With respect to our full fiscal 2007 guidance, we reiterate our expectation that net income per diluted share will be in the range of $3.63 to $3.67. The low end of the guidance range reflects a flat comparable stores sale scenario for the fourth quarter of fiscal 2007.

As mentioned previously, fourth quarter 2006 results include incremental net income per diluted share of $0.06, resulting from an extra selling week in the fiscal 2006 retail calendar, and $0.07 resulting from the favorable settlement of tax audits.

Although we enter the 2007 Christmas shopping season well positioned for success, our focus remains long-term, and most importantly, we are making strategic investments in stores, merchandise development and administrative support infrastructure, to match our five and even 10 year growth plan.

Our iconic brands have positioned us for global expansion. While our investments and operational improvements will allow us to affectively execute this growth strategy, we expect the pay-off for such expansion to be sustained, long-term. This is consistent with increases in sales, operating income and earnings.

We are now available to take your questions. Please limit yourself to one question, so that we can speak with as many callers as possible. After everyone has had a chance, we will be happy to take follow-up questions. Thank you.

Question-and-Answer Session

Operator

(Operator Instructions) We will go first to Randy Konik with Bear Stearns.

Randy Konik - Bear Stearns

Hey great thanks a lot. Can you just, you got leverage in the quarter on 1% comp. Can you just give us some color on how you expect that your point of leverage is of what comp you need for the fourth quarter? Do you see that given your cost structure, your infrastructure, do you see that kind of point of leverage changing in the future and just separately when will we see the pre-opening expenses for the Japan flagship hit. Will it will hit on '08 or will that more of a '09 event? Thank you.

Mike Kramer

Randy this is Mike Kramer. I will take those. In terms of, yes there was this phenomenal quarter in terms of leverage and quite frankly even with the reported results and the leverage that you saw there of 15.2% increase year-over-year of net income on a sales growth of 12.8%. If you back out some one time hits that we took roughly equating to about $5 million to $6 million, we actually grew our bottom line, which I am going to call it quality of earnings number of 20.2%. So, it was a spectacular quarter in terms of leverage.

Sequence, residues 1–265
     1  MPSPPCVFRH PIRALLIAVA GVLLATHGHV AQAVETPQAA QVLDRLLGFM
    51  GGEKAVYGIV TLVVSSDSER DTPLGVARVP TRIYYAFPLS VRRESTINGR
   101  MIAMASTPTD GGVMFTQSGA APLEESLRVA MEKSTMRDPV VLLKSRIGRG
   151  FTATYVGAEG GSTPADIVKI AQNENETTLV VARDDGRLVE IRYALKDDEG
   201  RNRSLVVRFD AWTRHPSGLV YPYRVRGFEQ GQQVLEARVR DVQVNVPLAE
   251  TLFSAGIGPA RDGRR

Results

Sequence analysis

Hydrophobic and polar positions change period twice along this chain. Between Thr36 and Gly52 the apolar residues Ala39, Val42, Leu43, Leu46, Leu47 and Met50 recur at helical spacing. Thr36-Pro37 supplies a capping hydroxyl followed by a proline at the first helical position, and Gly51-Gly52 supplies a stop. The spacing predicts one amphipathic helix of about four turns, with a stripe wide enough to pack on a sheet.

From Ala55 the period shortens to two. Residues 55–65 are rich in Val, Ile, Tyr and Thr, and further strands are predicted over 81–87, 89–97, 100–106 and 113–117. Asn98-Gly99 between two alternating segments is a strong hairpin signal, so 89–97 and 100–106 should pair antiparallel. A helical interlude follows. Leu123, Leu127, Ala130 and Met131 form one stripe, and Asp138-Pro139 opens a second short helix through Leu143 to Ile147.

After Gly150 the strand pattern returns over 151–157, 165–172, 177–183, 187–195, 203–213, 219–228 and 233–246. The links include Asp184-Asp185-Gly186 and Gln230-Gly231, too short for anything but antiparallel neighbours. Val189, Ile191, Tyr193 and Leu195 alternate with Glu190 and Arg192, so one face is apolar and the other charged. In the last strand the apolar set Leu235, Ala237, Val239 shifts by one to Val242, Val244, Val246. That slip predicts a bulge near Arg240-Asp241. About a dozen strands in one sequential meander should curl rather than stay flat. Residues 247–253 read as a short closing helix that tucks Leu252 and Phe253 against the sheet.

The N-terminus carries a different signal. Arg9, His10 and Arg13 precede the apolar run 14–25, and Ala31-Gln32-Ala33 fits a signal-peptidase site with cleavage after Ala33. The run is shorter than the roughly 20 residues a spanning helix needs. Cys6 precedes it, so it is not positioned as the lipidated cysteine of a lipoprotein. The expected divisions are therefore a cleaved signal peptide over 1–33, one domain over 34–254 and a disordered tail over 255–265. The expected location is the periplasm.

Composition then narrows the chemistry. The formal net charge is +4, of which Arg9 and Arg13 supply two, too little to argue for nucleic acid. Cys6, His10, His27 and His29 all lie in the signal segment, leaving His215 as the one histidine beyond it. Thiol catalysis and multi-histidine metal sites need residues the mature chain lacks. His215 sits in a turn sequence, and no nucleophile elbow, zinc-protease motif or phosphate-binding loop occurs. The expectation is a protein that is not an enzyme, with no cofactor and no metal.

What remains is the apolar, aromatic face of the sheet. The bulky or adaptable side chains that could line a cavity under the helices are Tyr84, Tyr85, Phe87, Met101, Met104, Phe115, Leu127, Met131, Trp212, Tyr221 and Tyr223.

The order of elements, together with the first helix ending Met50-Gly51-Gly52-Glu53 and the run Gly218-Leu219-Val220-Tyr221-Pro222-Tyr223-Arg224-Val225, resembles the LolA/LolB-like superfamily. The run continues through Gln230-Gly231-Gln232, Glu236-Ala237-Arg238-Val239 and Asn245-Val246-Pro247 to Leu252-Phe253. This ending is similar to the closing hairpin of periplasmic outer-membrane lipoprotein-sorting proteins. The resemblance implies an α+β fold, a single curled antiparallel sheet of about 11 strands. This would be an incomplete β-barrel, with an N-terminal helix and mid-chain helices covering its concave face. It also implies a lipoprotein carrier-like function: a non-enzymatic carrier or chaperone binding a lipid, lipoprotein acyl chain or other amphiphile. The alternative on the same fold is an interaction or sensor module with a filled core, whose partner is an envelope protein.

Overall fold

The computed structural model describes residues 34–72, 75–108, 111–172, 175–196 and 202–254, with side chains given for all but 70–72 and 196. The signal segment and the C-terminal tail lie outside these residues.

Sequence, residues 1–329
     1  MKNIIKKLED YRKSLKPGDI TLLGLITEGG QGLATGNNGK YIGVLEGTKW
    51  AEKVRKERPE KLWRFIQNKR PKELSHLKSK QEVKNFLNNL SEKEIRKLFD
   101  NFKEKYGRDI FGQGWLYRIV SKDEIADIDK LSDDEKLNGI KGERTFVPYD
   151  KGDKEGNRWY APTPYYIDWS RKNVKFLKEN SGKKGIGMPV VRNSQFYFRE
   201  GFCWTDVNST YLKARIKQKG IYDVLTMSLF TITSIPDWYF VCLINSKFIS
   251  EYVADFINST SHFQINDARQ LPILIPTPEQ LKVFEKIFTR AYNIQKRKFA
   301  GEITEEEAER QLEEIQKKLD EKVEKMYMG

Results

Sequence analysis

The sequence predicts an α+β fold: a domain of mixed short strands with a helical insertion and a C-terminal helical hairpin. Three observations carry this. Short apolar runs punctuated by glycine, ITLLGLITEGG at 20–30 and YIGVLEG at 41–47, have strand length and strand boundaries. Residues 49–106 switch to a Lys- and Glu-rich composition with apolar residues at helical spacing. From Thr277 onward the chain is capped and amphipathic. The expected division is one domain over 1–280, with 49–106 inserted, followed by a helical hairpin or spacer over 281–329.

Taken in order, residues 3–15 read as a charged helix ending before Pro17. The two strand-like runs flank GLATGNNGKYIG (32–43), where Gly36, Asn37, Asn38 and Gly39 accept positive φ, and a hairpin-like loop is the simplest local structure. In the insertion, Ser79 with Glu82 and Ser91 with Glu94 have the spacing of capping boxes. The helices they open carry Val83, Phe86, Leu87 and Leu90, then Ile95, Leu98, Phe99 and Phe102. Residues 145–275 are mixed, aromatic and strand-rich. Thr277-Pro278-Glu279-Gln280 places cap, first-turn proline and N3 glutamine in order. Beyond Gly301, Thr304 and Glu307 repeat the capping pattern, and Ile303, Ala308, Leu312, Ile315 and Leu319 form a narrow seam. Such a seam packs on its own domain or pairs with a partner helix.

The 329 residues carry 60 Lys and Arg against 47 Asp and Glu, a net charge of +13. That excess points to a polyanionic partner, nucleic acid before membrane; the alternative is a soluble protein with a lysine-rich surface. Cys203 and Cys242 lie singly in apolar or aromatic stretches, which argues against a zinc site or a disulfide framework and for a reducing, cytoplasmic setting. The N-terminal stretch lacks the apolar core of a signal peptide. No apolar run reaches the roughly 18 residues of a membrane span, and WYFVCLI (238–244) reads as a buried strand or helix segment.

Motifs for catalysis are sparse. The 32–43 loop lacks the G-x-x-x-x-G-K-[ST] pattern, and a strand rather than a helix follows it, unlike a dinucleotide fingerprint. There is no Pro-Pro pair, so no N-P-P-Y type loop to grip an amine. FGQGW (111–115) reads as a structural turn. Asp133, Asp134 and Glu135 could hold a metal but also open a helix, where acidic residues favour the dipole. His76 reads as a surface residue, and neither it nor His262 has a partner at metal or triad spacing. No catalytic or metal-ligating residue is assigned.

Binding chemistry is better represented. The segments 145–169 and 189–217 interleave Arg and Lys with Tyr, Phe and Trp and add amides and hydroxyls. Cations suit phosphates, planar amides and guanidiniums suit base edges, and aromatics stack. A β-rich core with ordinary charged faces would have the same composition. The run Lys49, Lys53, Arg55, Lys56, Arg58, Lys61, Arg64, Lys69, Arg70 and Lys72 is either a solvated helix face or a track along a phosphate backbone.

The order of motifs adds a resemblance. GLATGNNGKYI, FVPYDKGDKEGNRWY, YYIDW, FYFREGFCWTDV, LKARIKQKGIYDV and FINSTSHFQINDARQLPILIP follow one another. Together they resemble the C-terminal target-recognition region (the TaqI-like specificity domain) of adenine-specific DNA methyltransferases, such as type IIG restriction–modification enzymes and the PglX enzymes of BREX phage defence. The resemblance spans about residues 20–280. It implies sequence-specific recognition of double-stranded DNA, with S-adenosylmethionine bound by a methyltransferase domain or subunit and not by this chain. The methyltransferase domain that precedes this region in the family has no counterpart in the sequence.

How is this going to translate into the fourth quarter, it's going to be difficult because we are actually anniversarying the 53rd week which allows for some significant leverage which talks to those, I think the $0.06 that we talked about earlier.

However, what I will tell you is for the year 2007, I am shooting for operating margin expansion on flat comps and that’s all I am going say. In terms of future after that, we do anticipate, our model is built for leverage, and I am not going to talk about the sales level in which that we are going to attain that leverage.

The second question you talked about pre-opening for Japan. Right now, the Ginza store it's actually being constructed as we speak. It's still on schedule for late 2009, most of our pre-opening expenses will be in late 2009.

Operator

We will take our next question from Jeff Black with Lehman brothers.

Jeff Black - Lehman Brothers

Yeah. Thanks a lot. Good afternoon.

Mike Kramer

Good morning, Jeff.

Jeff Black - Lehman Brothers

Good morning. How should we look at CapEx next year? I know you might not be interested in discussing it, but how do we frame our thinking on the level of increase we might see given the new concept in the investments internationally.

And secondly, on RUEHL, are we still talking being profitable by the end of this year and are we going to see that growth rate accelerate on a unit basis next year? Thanks.

Mike Nuzzo

Jeff, it's Mike Nuzzo, I can take the first part of the question, and Kramer can address RUEHL. As far as CapEx, we will be disclosing our CapEx plans for 2008 on the fourth quarter call. But having said that, what I've told people in terms of a framework for thinking about it, obviously, we're going to continue with our new store expansion and that occupies any where from 200 million to 250 million in any given year depending on the number of stores.